Covid: Should pregnant teachers be going into school?

With the Covid vaccine not widely recommended for pregnant women, Emma Sheppard looks at the issue of their safety

Emma Sheppard

Covid and schools: What now for pregnant teachers?

Recently updated government guidance regarding an easing of shielding measures for clinically extremely vulnerable people has raised questions for our pregnant colleagues. 

At a time when movement and change are in the air, many teachers – particularly those who are in their third trimester – are wondering what these new guidelines mean for them.

Firstly, it is important to note that the guidance is for clinically extremely vulnerable people – those who have been identified by a letter from the NHS to shield since the start of the pandemic. 

Pregnant women, even after 28 weeks, have only ever been considered as a vulnerable group, unless they have an underlying condition that puts them in the clinically extremely vulnerable group as well. 

Covid and schools: What the new guidance means for pregnant teachers

The new guidance, therefore, does not affect the majority of pregnant women. The guidance surrounding working for all pregnant women in their third trimester, however, remains the same: “Your employer should ensure they are able to adhere to any active national guidance on social distancing.”

If risks cannot be removed or managed, “you should be offered suitable alternative work or working arrangements (including working from home) or be suspended on your normal pay”.

For those staff who are pregnant and have an underlying condition that means that they have been identified as clinically extremely vulnerable, the new guidance regarding working is still clear: colleagues should continue “to maintain strict social distancing and to keep their overall social contacts at low levels, such as working from home where possible”.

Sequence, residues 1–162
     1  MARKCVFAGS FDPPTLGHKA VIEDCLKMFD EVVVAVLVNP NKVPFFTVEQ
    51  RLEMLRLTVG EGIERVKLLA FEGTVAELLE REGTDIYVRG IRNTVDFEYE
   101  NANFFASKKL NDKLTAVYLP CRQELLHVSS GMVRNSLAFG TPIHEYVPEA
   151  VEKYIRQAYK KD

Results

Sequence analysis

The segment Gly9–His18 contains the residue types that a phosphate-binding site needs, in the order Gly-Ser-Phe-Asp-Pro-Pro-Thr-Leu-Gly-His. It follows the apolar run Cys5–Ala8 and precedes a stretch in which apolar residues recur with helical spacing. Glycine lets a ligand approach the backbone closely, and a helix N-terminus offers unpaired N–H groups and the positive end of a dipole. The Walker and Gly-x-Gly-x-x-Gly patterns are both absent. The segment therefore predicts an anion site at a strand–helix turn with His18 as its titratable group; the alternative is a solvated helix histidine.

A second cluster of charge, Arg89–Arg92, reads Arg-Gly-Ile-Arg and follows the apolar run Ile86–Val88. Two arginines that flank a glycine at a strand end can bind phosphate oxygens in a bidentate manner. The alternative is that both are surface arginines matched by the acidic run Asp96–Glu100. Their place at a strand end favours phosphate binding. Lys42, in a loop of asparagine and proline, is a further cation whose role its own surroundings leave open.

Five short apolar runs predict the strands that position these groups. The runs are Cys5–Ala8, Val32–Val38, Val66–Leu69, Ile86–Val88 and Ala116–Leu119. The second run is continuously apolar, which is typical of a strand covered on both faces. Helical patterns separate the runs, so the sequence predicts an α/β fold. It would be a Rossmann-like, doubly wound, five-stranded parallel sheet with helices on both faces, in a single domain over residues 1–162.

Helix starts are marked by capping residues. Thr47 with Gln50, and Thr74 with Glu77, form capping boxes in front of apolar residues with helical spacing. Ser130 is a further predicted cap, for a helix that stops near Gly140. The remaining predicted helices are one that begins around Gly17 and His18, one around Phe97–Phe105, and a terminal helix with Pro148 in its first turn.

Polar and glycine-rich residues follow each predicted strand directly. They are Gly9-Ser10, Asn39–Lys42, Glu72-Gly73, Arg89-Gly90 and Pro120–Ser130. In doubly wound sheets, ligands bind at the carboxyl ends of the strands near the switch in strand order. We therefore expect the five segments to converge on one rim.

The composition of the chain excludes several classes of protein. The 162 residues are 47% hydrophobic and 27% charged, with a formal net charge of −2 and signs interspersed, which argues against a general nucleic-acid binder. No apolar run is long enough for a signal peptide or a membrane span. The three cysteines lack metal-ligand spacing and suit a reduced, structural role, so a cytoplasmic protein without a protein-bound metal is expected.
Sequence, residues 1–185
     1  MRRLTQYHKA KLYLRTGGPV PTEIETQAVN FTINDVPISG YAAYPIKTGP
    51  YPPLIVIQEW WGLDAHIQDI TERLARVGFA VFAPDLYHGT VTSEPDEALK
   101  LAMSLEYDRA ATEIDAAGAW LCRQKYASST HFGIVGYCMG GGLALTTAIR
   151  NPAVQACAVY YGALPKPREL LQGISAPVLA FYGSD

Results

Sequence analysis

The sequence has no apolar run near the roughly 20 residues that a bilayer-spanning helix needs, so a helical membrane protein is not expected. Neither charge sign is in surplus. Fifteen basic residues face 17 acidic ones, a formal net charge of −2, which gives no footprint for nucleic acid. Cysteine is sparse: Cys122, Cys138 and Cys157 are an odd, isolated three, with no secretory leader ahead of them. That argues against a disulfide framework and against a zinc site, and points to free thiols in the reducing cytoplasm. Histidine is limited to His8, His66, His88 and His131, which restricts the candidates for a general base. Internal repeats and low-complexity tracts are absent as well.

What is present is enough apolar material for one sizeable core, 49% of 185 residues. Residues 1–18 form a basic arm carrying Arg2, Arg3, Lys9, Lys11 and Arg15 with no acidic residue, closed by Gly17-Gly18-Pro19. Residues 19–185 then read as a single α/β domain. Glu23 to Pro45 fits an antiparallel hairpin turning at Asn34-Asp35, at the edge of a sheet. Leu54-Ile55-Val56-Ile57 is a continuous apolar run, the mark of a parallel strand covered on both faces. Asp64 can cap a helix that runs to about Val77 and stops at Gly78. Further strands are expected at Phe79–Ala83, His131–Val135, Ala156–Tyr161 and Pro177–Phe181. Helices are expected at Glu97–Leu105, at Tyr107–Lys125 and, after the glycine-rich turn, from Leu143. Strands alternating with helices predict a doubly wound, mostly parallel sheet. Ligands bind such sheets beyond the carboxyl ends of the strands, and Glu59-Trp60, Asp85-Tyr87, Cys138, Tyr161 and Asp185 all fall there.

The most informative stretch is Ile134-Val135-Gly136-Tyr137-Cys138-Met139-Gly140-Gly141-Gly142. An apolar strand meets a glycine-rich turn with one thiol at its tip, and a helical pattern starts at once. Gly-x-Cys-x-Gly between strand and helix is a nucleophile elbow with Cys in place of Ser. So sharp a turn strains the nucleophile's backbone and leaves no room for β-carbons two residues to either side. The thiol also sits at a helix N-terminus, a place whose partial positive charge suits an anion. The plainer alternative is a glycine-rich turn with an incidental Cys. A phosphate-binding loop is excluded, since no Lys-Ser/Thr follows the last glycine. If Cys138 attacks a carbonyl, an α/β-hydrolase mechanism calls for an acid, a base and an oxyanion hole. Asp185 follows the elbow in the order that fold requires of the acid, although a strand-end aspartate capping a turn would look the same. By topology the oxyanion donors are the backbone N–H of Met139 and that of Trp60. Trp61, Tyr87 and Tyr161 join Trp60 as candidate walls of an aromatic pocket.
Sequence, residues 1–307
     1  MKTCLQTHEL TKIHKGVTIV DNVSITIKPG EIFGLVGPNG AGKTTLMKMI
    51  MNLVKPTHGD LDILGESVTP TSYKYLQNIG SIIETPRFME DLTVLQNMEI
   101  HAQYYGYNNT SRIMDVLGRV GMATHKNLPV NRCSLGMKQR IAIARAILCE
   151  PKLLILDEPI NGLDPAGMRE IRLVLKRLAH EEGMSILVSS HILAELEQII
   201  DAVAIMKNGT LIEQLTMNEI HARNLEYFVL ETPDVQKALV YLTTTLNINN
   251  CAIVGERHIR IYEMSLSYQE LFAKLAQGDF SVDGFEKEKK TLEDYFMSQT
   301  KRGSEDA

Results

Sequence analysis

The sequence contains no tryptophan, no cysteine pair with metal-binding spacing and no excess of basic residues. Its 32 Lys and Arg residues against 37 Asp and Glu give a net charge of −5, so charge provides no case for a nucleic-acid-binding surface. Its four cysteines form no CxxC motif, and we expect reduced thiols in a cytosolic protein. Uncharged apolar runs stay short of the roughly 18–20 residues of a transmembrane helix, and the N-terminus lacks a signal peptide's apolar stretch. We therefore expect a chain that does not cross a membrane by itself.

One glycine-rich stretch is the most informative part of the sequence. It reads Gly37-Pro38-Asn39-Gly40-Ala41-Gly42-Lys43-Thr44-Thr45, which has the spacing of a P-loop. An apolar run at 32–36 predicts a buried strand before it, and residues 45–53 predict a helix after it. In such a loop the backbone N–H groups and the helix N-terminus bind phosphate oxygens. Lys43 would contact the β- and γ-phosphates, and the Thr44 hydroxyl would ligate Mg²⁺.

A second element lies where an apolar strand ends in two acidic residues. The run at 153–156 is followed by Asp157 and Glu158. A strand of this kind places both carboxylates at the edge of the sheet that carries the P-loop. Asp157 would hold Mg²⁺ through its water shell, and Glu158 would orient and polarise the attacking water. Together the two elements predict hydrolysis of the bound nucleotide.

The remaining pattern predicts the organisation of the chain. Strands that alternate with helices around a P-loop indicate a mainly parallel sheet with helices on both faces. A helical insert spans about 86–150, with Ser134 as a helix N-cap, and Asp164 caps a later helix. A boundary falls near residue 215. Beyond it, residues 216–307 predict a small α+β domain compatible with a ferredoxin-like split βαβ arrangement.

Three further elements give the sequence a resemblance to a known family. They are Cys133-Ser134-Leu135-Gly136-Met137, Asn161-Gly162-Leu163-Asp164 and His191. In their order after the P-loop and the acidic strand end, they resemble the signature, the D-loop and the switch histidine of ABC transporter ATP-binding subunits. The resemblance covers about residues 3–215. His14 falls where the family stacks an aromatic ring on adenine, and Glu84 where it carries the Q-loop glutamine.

However, throughout the pandemic, schools have been interpreting in different ways the phrase “where possible”, and the possibility of offering social-distancing measures in an environment crowded with people. 

Arguably, it is not possible to fulfil the expectations of a teaching role while working from home, because teaching is such a client-facing profession. However, our two lockdowns, and periods of blended learning to continue provision when groups of students and staff are isolating, have proven that creative solutions can be found.

Keeping staff safe

Recent webinars and the sharing of best practice from The MTPT Project have explored the ways in which individuals and schools are using risk assessments, and managing remote-working arrangements in a way that both keeps staff safe and maintains quality provision for students and teams. 

Currently, the vaccine is being offered to a number of groups, which includes clinically vulnerable people. Officially, pregnant colleagues are included in this clinically vulnerable group. However, while there is “no known risk associated with giving non-live vaccines during pregnancy”, there is currently “insufficient evidence to recommend routine use of Covid-19 vaccines during pregnancy’.

Until further testing of the vaccine is undertaken in regards to its risks in pregnancy, the vaccination is only recommended (in discussion with their medical team) to pregnant women who also fall into the clinically extremely vulnerable category. This means that pregnant women cannot necessarily reassure themselves with the additional protection of the vaccine that has enabled some school staff over the age of 50, or clinically extremely vulnerable staff, to return to schools with confidence.

The strong advice from both medical practitioners and The MTPT Project, therefore, is that teachers continue to work from home from 28 weeks until medical and governmental advice provides us with further updates.

With an increasing percentage of the population receiving the vaccination, and rates of infection falling, however, colleagues in their third trimester may feel empowered to review their risk assessment and make the decision to continue with face-to-face teaching. 

This is an increasingly hopeful option for many – but it is a decision that must, ultimately, be made by the pregnant individual, not the school, using information available from their midwives and healthcare teams.

Emma Sheppard is founder of The MaternityTeacher/ PaternityTeacher Projectand a lead practitioner for English

Register to continue reading for free

It only takes a moment and you'll get access to more news, plus courses, jobs and teaching resources tailored to you

Latest stories